Home » atomically flat copper thin films » Replacing gold in semiconductor devices with atomically flat thin-film copper that won’t corrode
Progress

Replacing gold in semiconductor devices with atomically flat thin-film copper that won’t corrode

The copper thin film was grown using atomic sputtering epitaxy and then the mechanism behind its strong oxidation-resistance was revealed using theoretical models CREDIT Pusan National University

The copper thin film was grown using atomic sputtering epitaxy and then the mechanism behind its strong oxidation-resistance was revealed using theoretical models

CREDIT: Pusan National University

The atomically flat copper thin films suppress the growth of copper oxides on their surface

Copper (Cu) is of fundamental importance to our daily lives due to its excellent electrical conductivity, as well as other valuable physical properties, such as the ability to draw copper into thin wires. Cu is the metal that is at the heart of the electronics, semiconductor and electro-optics industry. But oxidation and unwanted corrosion on its surface can limit the lifespan and increase the electrical resistance of Cu. Now, a team of researchers led by Prof. Se-Young Jeong from Pusan National University have developed a way to fabricate oxidation-resistant thin films of copper. “Oxidation-resistant Cu could potentially replace gold in semiconductor devices, which would help bring down their costs. Oxidation-resistant Cu could also reduce electrical consumption, as well as increase the lifespan of devices with nanocircuitry,” says Prof. Jeong. The study has been published in Nature.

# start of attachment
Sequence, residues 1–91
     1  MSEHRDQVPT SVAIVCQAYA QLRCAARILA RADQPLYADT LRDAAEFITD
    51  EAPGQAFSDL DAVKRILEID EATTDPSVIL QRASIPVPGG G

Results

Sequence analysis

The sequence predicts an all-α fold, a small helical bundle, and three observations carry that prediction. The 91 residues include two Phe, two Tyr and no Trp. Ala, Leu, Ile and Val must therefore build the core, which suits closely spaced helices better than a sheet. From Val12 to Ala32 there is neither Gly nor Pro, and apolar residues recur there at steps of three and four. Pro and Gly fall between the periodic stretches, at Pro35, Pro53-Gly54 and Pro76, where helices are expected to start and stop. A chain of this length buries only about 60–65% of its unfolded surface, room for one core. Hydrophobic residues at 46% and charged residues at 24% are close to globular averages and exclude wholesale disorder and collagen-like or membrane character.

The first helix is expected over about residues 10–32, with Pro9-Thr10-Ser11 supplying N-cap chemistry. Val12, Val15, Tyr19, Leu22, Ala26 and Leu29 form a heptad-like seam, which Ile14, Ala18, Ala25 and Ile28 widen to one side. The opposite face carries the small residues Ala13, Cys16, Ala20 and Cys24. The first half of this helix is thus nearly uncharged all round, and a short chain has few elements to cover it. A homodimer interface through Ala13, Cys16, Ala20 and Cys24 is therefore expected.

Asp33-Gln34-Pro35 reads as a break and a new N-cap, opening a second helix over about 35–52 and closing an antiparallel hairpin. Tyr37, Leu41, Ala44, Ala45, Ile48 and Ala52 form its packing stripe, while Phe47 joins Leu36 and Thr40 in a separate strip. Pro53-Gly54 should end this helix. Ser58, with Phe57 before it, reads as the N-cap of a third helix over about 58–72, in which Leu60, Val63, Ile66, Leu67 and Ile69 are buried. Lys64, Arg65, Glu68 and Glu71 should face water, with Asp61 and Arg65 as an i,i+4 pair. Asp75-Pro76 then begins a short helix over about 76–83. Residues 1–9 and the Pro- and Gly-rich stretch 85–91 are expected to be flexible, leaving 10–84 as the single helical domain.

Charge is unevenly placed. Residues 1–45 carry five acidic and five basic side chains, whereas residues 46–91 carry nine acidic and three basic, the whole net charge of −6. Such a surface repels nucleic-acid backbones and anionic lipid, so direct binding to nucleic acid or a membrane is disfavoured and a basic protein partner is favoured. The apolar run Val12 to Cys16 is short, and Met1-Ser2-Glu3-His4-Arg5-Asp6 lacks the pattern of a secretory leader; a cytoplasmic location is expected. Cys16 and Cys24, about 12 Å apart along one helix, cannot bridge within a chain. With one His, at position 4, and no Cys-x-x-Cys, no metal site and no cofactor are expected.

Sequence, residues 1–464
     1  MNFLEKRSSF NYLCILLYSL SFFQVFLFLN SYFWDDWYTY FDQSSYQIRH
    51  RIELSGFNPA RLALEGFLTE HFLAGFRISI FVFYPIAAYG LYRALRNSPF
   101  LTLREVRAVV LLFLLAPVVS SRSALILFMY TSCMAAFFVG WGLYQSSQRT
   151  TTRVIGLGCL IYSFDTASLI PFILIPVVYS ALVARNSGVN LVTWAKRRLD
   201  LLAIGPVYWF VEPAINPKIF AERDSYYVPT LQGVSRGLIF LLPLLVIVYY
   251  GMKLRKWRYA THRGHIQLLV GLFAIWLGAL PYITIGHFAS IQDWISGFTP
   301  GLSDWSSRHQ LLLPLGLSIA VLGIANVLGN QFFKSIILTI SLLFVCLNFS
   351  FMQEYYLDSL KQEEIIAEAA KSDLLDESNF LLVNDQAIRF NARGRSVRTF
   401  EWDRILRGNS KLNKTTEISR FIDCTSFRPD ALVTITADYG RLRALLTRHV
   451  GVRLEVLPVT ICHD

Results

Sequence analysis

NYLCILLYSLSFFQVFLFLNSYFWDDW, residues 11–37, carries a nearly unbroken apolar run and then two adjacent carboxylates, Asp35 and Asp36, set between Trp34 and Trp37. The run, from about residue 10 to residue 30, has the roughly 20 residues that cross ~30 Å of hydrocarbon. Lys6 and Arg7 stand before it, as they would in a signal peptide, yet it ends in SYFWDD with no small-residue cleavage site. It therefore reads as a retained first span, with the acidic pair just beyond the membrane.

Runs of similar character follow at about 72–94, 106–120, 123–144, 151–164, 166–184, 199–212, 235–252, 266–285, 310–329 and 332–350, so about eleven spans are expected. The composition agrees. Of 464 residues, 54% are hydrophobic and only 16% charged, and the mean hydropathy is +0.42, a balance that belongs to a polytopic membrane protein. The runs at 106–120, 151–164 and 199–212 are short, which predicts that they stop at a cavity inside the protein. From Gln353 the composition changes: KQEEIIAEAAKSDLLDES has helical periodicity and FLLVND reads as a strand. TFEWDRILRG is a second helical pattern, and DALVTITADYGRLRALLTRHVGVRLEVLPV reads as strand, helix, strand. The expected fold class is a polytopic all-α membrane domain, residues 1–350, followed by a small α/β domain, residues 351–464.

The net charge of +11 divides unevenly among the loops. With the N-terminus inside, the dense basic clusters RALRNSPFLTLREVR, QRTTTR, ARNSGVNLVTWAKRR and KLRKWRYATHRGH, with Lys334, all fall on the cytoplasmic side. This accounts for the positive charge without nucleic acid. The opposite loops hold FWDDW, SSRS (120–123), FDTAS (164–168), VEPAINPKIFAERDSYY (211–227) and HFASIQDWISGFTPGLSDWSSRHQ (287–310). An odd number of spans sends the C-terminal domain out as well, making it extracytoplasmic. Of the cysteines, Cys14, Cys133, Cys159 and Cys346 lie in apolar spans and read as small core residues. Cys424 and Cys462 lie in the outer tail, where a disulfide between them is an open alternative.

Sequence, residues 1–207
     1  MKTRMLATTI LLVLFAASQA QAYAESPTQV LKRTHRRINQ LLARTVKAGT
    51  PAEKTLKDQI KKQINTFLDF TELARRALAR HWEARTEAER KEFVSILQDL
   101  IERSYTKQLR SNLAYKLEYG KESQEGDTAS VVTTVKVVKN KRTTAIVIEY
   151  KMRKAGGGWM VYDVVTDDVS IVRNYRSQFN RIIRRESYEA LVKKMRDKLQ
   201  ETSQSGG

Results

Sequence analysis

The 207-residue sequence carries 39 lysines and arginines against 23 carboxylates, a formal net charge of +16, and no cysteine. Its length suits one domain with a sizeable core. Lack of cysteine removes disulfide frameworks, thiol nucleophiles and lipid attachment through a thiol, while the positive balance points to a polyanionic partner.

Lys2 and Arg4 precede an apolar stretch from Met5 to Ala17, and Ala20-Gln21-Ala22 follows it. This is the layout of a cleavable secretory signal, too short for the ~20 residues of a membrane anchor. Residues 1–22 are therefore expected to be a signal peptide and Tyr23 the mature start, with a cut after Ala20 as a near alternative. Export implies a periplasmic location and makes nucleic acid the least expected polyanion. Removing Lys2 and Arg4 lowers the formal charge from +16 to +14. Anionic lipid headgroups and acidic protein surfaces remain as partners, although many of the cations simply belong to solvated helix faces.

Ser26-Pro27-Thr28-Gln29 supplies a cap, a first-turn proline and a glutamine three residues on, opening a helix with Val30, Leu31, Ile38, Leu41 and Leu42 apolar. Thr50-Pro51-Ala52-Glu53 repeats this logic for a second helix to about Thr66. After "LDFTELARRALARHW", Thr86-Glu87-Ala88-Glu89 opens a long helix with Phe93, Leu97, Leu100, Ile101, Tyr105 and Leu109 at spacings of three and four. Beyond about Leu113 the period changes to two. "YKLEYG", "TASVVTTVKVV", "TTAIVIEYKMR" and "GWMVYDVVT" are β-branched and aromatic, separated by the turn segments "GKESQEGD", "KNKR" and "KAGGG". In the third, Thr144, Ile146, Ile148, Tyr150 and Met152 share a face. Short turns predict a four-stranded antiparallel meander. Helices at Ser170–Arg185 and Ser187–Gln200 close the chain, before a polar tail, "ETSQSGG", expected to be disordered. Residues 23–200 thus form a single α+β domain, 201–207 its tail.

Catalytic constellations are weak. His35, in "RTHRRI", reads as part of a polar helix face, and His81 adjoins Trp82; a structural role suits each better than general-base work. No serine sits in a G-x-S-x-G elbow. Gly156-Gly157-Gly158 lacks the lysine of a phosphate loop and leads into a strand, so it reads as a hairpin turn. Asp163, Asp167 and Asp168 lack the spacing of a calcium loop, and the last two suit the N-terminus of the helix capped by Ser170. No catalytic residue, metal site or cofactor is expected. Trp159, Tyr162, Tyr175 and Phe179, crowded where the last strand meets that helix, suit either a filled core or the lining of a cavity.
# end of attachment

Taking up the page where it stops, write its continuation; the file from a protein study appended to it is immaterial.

Previous studies have shown that Cu oxidation occurs due to microscopic ‘multi-steps’ on the surface of copper. These steps provide a source of Cu adatoms (adsorbed atoms), which interact with oxygen and provide a place for oxides to grow. This is why single-crystalline Cu is resistant to oxidation. “We used a method called atomic sputtering epitaxy to grow tightly coordinated flat single-crystal copper films. By using noise reduction systems to reduce electrical and mechanical noises, we were able to keep the Cu surfaces nearly defect-free and fabricate atomically flat films,” explains Prof. Jeong.

The research team then used high-resolution transmission electron microscopy (HR-TEM) to study the Cu films. They found that the film grew in the [111] direction and had an almost flat surface with occasional mono-atomic steps. They then compared the single-crystal Cu (111) films (SCCFs) with other Cu films which had higher surface roughness and found that unlike with the other films, the SCCFs were oxidation-resistant, i.e., it is very difficult for oxygen to penetrate the mono-atomic step edge.

The researchers then used a microscopic model of Cu oxidation based on ‘density functional theory’ to investigate how the SCCF interacts with oxygen. They found that the surface of the SCCF was protected by oxygen itself, once 50% of its surface was covered with oxygen atoms. Additional absorption of oxygen atoms on the SCCF was suppressed by the high energy barrier they, themselves, created.

“The novelty of our research lies in the realization of atomically flat surfaces, i.e., surfaces that are flat on the atomic level, as well as an elucidation of the oxidation-resistance mechanism of ultraflat metals,” concludes Prof. Jeong.

The findings of this study make major contributions not only to the electronics and semiconductor industry, but also go a long way towards helping protect priceless bronze sculptures from damage.

 

Original Article: Pusan National University researchers develop “corrosion-free” copper thin films

More from: Pusan National University 

 

The Latest on: Oxidation-resistant Cu

via Bing News

The Latest on: Oxidation-resistant Cu

via Google News

Add Comment

Click here to post a comment

Your thoughtful comments are most welcome!

This site uses Akismet to reduce spam. Learn how your comment data is processed.